Amos Decker witnesses a murder just outside FBI headquarters. A man shoots a woman execution-style on a crowded sidewalk, then turns the gun on himself.
Even with Decker’s extraordinary powers of observation and deduction, the killing is baffling. Decker and his team can find absolutely no connection between the shooter–a family man with a successful consulting business–and his victim, a schoolteacher. Nor is there a hint of any possible motive for the attack.
Enter Harper Brown. An agent of the Defense Intelligence Agency, she orders Decker to back off the case. The murder is part of an open DIA investigation, one so classified that Decker and his team aren’t cleared for it.
But they learn that the DIA believes solving the murder is now a matter of urgent national security. Critical information may have been leaked to a hostile government–or worse, an international terrorist group–and an attack may be imminent.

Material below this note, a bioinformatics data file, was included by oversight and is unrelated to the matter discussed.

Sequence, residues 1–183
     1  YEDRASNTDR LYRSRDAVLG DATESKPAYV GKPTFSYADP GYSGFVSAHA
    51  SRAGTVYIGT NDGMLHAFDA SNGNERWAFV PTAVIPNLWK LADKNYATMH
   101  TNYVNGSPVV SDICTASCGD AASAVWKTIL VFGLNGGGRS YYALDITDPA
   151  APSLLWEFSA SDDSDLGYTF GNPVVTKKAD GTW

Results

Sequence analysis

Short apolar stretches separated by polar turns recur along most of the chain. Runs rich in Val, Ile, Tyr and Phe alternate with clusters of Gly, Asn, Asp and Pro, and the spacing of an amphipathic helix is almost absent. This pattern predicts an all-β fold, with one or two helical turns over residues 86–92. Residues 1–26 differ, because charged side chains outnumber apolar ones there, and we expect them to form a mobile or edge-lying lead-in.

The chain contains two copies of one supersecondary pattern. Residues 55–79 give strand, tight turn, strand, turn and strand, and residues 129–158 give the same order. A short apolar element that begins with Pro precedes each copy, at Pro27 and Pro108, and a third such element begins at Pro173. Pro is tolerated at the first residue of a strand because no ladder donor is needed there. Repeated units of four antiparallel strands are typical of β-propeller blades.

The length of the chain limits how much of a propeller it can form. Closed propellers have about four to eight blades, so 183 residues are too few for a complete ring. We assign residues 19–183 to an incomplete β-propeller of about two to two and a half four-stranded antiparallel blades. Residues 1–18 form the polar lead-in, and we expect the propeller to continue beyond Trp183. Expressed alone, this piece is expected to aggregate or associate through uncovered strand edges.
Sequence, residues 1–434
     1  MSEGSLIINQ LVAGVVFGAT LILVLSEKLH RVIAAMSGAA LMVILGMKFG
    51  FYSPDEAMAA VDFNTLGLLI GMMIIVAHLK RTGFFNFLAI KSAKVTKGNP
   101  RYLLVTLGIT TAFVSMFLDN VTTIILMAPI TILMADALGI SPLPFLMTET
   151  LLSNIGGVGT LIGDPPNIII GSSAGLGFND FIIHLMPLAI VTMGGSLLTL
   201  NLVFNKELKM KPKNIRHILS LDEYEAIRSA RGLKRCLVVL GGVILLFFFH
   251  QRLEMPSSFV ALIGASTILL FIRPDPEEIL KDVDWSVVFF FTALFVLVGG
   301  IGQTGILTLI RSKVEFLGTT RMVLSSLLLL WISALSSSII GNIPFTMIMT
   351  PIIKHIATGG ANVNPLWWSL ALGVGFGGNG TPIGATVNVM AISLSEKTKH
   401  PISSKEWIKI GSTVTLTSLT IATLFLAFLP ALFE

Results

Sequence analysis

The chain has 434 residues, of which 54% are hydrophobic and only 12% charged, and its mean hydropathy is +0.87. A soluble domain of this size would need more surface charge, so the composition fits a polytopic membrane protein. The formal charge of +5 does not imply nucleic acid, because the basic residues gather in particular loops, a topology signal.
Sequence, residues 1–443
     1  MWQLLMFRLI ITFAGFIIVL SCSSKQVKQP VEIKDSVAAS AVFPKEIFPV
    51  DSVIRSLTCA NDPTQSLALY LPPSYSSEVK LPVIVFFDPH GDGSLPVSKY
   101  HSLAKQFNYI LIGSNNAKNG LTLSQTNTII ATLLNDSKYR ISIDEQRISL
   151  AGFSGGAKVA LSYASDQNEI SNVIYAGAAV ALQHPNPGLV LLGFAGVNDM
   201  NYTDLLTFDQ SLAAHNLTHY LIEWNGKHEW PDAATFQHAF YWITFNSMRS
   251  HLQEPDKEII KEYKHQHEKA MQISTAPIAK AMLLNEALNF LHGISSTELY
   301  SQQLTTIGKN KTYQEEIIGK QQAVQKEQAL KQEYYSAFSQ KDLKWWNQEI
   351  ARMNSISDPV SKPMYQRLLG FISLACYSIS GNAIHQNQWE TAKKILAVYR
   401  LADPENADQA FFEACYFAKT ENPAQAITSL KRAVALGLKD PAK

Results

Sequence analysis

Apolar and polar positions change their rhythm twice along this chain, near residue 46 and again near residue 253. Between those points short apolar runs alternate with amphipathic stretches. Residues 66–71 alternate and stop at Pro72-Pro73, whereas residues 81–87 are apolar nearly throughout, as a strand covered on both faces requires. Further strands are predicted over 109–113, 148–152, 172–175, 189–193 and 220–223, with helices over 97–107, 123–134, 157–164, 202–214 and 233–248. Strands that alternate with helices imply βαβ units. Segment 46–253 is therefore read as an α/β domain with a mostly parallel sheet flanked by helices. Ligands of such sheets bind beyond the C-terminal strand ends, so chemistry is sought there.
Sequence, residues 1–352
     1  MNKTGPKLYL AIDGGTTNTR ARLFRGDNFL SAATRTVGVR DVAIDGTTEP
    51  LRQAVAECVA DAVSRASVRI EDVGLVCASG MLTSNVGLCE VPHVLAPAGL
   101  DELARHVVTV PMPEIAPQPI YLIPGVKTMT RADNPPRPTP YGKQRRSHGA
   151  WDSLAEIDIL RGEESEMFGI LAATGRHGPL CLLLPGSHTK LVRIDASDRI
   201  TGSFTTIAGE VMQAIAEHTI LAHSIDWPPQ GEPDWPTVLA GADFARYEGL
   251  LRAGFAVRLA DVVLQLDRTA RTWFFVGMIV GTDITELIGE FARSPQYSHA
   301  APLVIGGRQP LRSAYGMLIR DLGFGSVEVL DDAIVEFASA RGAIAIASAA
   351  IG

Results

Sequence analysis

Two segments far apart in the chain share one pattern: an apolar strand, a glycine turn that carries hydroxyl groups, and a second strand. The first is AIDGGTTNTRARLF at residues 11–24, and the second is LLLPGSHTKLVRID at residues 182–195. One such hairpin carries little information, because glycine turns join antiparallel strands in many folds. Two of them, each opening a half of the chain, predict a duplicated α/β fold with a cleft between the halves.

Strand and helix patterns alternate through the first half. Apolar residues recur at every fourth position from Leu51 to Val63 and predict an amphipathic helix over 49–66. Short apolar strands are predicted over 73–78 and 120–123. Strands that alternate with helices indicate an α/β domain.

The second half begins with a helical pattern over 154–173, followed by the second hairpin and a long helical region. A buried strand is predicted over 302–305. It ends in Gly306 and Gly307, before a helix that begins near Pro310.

Decker’s never been one to follow the rules, especially with the stakes so high. Forced into an uneasy alliance with Agent Brown, Decker remains laser focused on only one goal: solving the case before it’s too late.
Maybe I am getting tired of reading espionage, who done its, and murder stories but I cannot say that I really loved this book by Baldacci.
That isn’t to say I didn’t like it. Baldacci is a terrific writer. He creates attractive characters. He writes excellent and apropos dialogues which are very current using idioms and expressions which are in use presently. His plots are always drawing and plausible.
So why didn’t I feel this was his best effort? Maybe it was that I was becoming bored at times. Yet, he is a master a jarring you back into his story, at refocusing what the plot is about. And he is the very best at creating a hero who is authentic, captivating and intense.
Baldacci types of books do not have character development. They do not have psychoanalysis to any depth. If you like the development of characters, if you like character analysis, Baldacci isn’t your man. If you want dialogue that is believable and a plot that moves along at a brisk pace, he is your writer.
The Fix was an enjoyable read but not one which would be binding in one’s memory.
Worth reading on a rainy or cold winter night, really.